“When my dear sister-in-law was Mother’s companion, she never seemed to please her.” Greystone chuckled ruefully. “Nor did I or either of my brothers ever manage to do so.” He took Beatrice by the hand and led her out into the large entrance hall. “It is time for us to establish our own traditions. If she doesn’t like the tree, she must be satisfied with these usual garlands.” He waved a hand to indicate the strings of thick greenery festooning the stairway bannisters and hanging high above ancestral pictures on the walls. “And the Yule log, of course.”

Nestling into her husband’s embrace, Beatrice permitted herself a moment of pure bliss. Her childhood had not been any happier than his, but she and Greystone had determined they would have a loving, joyful Christian home.

For days, the Lodge had been filled with the aromas of rosemary, cinnamon, apples, pumpkins, baking bread and a host of other delightful scents. Surrounded by piles of kindling, the large Yule log lay in the stable yard behind the house, ready to be set afire tonight, with hopes that it would blaze through all twelve days of Christmas.

Upstairs, Greystone’s two younger brothers and their wives rested from their travels and prepared for the party that would begin in a few hours. Beatrice could hardly wait to see how Richard and Mary’s year old daughter Eliza liked the gifts they would all shower upon her.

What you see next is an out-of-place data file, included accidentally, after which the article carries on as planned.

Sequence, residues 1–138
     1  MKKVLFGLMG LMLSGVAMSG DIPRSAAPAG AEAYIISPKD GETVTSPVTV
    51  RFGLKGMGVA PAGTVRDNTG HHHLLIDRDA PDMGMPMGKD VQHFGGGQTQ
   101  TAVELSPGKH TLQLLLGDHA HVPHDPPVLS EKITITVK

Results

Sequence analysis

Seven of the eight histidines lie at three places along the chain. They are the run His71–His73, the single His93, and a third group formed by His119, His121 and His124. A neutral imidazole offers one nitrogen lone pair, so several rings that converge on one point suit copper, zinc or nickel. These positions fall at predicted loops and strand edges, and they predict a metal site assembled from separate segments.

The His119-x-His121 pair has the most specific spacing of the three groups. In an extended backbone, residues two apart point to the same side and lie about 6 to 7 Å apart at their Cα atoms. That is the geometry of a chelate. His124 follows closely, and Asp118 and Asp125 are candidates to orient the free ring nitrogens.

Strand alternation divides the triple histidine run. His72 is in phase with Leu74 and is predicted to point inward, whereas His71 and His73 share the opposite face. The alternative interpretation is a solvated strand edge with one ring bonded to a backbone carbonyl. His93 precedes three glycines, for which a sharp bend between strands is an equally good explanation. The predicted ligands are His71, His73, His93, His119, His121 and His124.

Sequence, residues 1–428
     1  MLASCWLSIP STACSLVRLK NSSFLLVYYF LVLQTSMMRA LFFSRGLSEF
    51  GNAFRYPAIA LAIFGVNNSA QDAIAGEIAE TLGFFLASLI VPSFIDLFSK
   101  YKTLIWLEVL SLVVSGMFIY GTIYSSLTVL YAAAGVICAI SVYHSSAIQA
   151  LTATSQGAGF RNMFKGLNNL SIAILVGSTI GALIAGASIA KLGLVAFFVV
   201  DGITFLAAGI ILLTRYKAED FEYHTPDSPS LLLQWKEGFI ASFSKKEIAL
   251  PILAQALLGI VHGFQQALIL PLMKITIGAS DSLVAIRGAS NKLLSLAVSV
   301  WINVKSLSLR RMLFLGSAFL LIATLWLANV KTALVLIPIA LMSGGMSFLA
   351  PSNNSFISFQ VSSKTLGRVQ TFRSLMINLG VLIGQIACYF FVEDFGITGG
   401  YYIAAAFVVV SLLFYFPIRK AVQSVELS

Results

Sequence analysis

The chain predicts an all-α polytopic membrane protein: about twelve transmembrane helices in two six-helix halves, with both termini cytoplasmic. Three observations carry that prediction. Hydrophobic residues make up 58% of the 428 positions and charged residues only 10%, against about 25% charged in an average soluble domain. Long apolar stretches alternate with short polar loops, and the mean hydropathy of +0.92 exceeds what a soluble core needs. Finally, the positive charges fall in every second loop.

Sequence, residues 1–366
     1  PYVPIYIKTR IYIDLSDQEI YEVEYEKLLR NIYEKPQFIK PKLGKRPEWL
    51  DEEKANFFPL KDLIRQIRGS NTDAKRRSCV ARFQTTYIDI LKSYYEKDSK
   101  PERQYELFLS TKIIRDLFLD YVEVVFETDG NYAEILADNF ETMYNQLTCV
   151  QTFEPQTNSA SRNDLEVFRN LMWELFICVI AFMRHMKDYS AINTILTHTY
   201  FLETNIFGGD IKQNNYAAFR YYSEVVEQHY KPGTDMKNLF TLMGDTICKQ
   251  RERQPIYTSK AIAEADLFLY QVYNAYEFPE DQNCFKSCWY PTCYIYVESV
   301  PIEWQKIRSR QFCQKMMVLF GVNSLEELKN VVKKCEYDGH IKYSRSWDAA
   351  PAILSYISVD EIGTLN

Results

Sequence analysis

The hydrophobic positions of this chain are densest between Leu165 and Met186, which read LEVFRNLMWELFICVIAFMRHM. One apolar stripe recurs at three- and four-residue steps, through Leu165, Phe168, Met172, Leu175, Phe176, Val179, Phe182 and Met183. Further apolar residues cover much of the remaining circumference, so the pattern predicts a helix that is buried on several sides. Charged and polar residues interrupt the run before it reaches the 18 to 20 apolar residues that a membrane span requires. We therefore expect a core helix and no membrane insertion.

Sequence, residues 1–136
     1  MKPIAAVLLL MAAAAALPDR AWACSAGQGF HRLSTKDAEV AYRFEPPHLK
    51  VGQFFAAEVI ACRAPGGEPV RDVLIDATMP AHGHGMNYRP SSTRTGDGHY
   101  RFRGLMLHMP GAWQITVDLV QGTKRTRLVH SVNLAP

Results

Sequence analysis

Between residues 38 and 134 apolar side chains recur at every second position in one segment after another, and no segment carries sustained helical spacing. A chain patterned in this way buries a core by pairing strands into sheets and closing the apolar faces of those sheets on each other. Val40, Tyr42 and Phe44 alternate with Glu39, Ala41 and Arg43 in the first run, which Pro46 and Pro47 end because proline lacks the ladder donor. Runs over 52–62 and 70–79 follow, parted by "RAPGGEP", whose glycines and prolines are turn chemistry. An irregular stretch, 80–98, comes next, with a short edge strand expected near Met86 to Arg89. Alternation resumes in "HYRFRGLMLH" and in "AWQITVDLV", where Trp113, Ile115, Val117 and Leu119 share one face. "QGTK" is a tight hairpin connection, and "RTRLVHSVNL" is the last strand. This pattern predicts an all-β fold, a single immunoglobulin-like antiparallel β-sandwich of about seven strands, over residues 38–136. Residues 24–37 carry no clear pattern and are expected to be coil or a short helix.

Having a child around at Christmas seemed to make things brighter. After all, the entire reason for celebrating this season was that Jesus Christ had come as a baby some eighteen hundred years ago to be their Savior and Lord. If only Beatrice could always remember how much God loved her, perhaps Mother Greystone’s disposition wouldn’t trouble her so much.

But dear Uncle Grenville had also come up from London to surprise them all. Perhaps his presence would mollify Greystone’s mother. Although he was a barrister, his godly pastoral ways always seemed to calm her.

The sound of a coach rumbling up the front drive stalled Beatrice’s pleasant thoughts. In spite of the affirming embrace her beloved husband gave her, she could not slow her racing pulse as the door swung open and the formidable Dowager Lady Greystone swept into the entrance hall.

The tall, slender woman flung back the hood of her dark blue cloak and glared at Greystone and Beatrice as if she had caught them in the midst of some mischief.

“Tea. I must have tea.” She flung the cloak into the arms of the waiting butler and strode toward the drawing room as if she still were the lady of the house. “Johnson, bring it at once.”